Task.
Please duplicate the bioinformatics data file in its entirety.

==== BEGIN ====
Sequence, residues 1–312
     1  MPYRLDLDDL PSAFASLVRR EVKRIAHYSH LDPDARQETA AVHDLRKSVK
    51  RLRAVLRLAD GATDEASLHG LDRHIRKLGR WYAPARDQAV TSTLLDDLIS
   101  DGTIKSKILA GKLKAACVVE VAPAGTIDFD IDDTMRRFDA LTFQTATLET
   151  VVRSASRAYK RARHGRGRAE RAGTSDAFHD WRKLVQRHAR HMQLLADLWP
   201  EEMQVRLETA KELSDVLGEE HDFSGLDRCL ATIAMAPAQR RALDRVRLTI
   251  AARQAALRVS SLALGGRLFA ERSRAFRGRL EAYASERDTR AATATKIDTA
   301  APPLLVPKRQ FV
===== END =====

Sequence, residues 1–312
     1  MPYRLDLDDL PSAFASLVRR EVKRIAHYSH LDPDARQETA AVHDLRKSVK
    51  RLRAVLRLAD GATDEASLHG LDRHIRKLGR WYAPARDQAV TSTLLDDLIS
   101  DGTIKSKILA GKLKAACVVE VAPAGTIDFD IDDTMRRFDA LTFQTATLET
   151  VVRSASRAYK RARHGRGRAE RAGTSDAFHD WRKLVQRHAR HMQLLADLWP
   201  EEMQVRLETA KELSDVLGEE HDFSGLDRCL ATIAMAPAQR RALDRVRLTI
   251  AARQAALRVS SLALGGRLFA ERSRAFRGRL EAYASERDTR AATATKIDTA
   301  APPLLVPKRQ FV